How can I promote lifelong sexual wellness and vitality?

Lifelong sexual wellness is a commitment to yourself, your partner, and your relationship. Boredom is always a threat. Try to keep doing new and exciting things with your partner—not only does this increase hormones and neurotransmitters that can enhance intimacy and your relationship, but it can lead to decreased sexual boredom. Novelty triggers the transmitter dopamine to be released from the brain, which can stimulate feelings of connectedness and attraction and can enhance bonding. Ride a rollercoaster, dance naked in the living room, and use your imagination. Novel experiences shared together as a committed couple can increase closeness and increase sensual and sexual feelings.

You know the drill: eat all the right foods and get a lot of aerobic exercise and you'll live to a ripe old age. But apparently, there's more to good health than physical activity and good nutrition. Here are a few ways to boost your health and your long-term sexual satisfaction:

• Maintain social and community ties. Numerous studies have linked social support to improved immune function, longevity, a lower risk of heart disease, and speedier recovery from serious illness and surgery. In fact, a 1999 study in the British Medical Journal found that socially active individuals were just as healthy as their counterparts who exercised regularly, and that social engagement was more important than blood pressure and cholesterol levels in determining longevity. These connections should be genuine: casual acquaintances and cocktail party chatter are no substitutes for fast friends and abiding relationships.

• Get a pet. The Centers for Disease Control and Prevention reports that having a pet can lower your blood pressure, decrease levels of cholesterol and triglycerides, and moderate feelings of loneliness. A 1999 study at the University of Buffalo showed that cats and dogs reduced blood pressure and heart rate in a group of high-stress stockbrokers.

• Take a vacation. A study published in 2005 in the Wisconsin Medical Journal found that women who took a vacation only once in 2 years had a higher risk of depression and stress than those who took two or more vacations a year. They were more likely to report lower marital satisfaction as well. And vacations are good for the heart—both for men and women. Women who take two or more vacations a year have half the risk of developing coronary heart disease or other serious heart problems.

• Laugh out loud. In Anatomy of an Illness, famed magazine editor Norman Cousins wrote that 10 minutes of belly laughter bought him 2 hours of pain-free sleep. Research at Loma Linda University in California has shown that laughter increases the number and activity level of the body's natural killer cells and reduces stress hormones that have been linked to heart disease.

• Pray or meditate. Although scientific proof of the efficacy of prayer lags behind claims, a 2001 study in the British Medical Journal reports that saying the rosary (or repeating yoga mantras) may be good for the heart by synchronizing breathing with cardiovascular rhythms. Proponents of the health benefits of prayer say it improves coping mechanisms and produces better health outcomes. Numerous studies have reported multiple health benefits from meditation (particularly Transcendental Meditation), among them stress reduction, improved recovery from surgery, lower blood pressure, improved pain management, and a longer lifespan. Get married or find a lifetime companion. Marriage and long-term relationships have been shown to reduce illnesses and increase longevity. People with healthy sex lives also have increased longevity and decreased depression rates.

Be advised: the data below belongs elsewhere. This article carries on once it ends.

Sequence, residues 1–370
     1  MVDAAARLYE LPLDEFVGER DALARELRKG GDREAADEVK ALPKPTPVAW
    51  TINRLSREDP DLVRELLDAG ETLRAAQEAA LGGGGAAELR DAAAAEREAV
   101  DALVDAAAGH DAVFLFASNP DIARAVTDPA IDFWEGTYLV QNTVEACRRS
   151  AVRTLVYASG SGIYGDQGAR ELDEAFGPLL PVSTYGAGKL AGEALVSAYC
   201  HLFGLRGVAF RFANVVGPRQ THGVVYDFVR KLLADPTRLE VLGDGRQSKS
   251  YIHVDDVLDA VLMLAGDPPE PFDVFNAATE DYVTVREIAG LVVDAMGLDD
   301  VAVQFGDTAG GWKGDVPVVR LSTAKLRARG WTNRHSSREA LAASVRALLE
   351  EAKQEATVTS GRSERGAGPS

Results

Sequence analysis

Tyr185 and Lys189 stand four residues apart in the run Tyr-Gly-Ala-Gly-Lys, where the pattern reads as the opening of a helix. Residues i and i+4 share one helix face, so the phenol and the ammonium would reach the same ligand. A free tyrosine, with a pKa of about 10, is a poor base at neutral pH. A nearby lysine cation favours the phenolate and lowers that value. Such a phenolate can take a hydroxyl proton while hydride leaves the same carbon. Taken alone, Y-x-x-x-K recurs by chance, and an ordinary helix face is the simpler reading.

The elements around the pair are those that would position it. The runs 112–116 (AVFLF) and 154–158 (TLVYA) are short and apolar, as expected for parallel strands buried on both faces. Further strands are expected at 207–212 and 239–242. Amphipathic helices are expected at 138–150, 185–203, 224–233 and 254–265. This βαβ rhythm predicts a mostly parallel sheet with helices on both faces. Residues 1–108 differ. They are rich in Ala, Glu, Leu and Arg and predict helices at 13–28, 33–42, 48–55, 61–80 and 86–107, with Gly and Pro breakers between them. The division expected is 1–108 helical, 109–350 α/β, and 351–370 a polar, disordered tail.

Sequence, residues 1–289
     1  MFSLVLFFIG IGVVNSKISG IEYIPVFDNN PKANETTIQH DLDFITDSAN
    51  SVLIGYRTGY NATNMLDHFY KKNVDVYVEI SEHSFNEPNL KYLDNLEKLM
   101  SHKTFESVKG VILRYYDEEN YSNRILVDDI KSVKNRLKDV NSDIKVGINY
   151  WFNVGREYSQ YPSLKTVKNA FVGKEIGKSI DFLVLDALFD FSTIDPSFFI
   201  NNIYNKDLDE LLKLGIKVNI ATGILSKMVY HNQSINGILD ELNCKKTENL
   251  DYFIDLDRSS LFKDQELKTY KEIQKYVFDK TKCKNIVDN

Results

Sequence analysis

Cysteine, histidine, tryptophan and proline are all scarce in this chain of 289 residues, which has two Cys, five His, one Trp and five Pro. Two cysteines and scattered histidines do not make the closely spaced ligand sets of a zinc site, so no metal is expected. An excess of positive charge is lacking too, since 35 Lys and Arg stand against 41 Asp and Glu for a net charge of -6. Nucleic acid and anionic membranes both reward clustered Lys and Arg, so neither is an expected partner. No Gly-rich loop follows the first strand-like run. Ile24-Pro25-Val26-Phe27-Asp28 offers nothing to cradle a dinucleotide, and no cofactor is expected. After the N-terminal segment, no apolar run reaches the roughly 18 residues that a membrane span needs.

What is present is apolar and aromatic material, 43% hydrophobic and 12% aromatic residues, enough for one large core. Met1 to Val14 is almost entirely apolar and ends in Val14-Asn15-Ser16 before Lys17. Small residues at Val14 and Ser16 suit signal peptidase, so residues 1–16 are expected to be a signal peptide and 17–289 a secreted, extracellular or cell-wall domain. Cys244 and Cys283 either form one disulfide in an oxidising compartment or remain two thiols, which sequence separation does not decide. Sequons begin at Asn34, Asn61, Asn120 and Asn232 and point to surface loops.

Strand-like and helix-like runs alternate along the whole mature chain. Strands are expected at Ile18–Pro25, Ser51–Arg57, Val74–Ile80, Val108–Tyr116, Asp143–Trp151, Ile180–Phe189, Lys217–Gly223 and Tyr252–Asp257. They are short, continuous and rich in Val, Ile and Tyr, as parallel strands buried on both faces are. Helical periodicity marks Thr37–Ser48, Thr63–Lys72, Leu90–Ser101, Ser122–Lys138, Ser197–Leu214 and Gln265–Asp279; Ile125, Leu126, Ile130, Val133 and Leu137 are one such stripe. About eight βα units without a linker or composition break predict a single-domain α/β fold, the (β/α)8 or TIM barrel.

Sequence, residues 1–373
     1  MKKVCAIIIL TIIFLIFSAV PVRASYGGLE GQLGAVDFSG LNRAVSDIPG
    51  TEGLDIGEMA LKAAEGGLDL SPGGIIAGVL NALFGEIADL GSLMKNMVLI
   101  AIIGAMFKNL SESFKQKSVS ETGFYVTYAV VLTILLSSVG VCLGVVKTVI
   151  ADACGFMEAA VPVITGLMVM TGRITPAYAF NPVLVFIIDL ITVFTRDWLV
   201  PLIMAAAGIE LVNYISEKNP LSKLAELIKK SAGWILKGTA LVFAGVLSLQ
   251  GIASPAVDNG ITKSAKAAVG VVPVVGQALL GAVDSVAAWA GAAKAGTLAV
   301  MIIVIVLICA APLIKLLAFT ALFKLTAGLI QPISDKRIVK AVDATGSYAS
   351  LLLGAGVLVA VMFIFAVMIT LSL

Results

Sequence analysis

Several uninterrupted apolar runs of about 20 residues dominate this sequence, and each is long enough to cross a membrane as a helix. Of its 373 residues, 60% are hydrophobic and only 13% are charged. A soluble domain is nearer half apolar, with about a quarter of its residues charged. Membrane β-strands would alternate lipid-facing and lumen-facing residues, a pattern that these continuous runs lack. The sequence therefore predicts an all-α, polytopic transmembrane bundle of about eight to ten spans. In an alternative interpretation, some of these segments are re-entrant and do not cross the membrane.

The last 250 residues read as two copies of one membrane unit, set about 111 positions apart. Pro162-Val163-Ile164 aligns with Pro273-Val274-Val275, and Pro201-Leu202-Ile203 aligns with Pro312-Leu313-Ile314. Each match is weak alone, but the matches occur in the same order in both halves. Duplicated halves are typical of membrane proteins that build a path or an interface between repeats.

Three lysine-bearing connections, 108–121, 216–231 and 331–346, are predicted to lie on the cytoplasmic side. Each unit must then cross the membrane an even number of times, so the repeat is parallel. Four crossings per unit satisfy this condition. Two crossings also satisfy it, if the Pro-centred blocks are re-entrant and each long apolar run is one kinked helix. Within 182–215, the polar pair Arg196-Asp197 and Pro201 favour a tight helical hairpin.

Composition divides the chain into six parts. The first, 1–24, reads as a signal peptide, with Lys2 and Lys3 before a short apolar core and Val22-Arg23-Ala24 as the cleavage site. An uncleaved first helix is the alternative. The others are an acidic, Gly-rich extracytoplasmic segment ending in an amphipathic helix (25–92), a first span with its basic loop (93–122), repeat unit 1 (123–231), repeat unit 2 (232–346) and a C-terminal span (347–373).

Where can I go to learn more about the issues discussed in this book?

The resources listed here are what I recommend to my patients during the course of their treatment. Accessing them can provide you with a foundation of organizations, information, and sources that I hope will help you in your quest for sexual wellness and vitality. Enjoy the lifelong journey.

People with healthy sex lives also have increased longevity and decreased depression rates.

Some Important Websites

Southern California Center for Sexual Health and Survivorship Medicine: thesexualhealthcenter.com (949) 764-9300

Dr. Krychman accepts all major health insurances and sees patients from all over California, the United States, and the world. Please call to schedule an appointment or to address your concerns.

Alexander Foundation: thealexanderfoundation.com

American Association for Marriage and Family Therapy: aamft.org

American Association of Sex Educators, Counselors and Therapists: aasect.org

American Cancer Society: cancer.org

American College of Obstetrics and Gynecology: acog.org

American Society for Reproductive Medicine: asrm.org

Black Women's Health Imperative: blackwomenshealth.org

Condomania: condomania.com

Contraception Online: contraceptiononline.org

Female Sexual Dysfunction Online: femalesexualdysfunctiononline.org

Gay and Lesbian Medical Association: glma.org

Good Vibrations: goodvibes.com

International Academy of Sex Research: iasr.org

International Society for the Study of Women's Sexual Health: isswsh.org

Kinsey Institute: kinseyinstitute.org

Lesbian Health Research Center: lesbianhealthinfo.org

Mautner Project: mautnerproject.org

National Sexuality Resource Center: nsrc.sfsu.edu

National Vulvodynia Association: nva.org

North American Menopause Society: menopause.org

Sexual Health Network: sexualhealth.com

Society for Sex Therapy and Research (SSTAR): sstarnet.org

Women's Sexual Health Foundation: twshf.org

 
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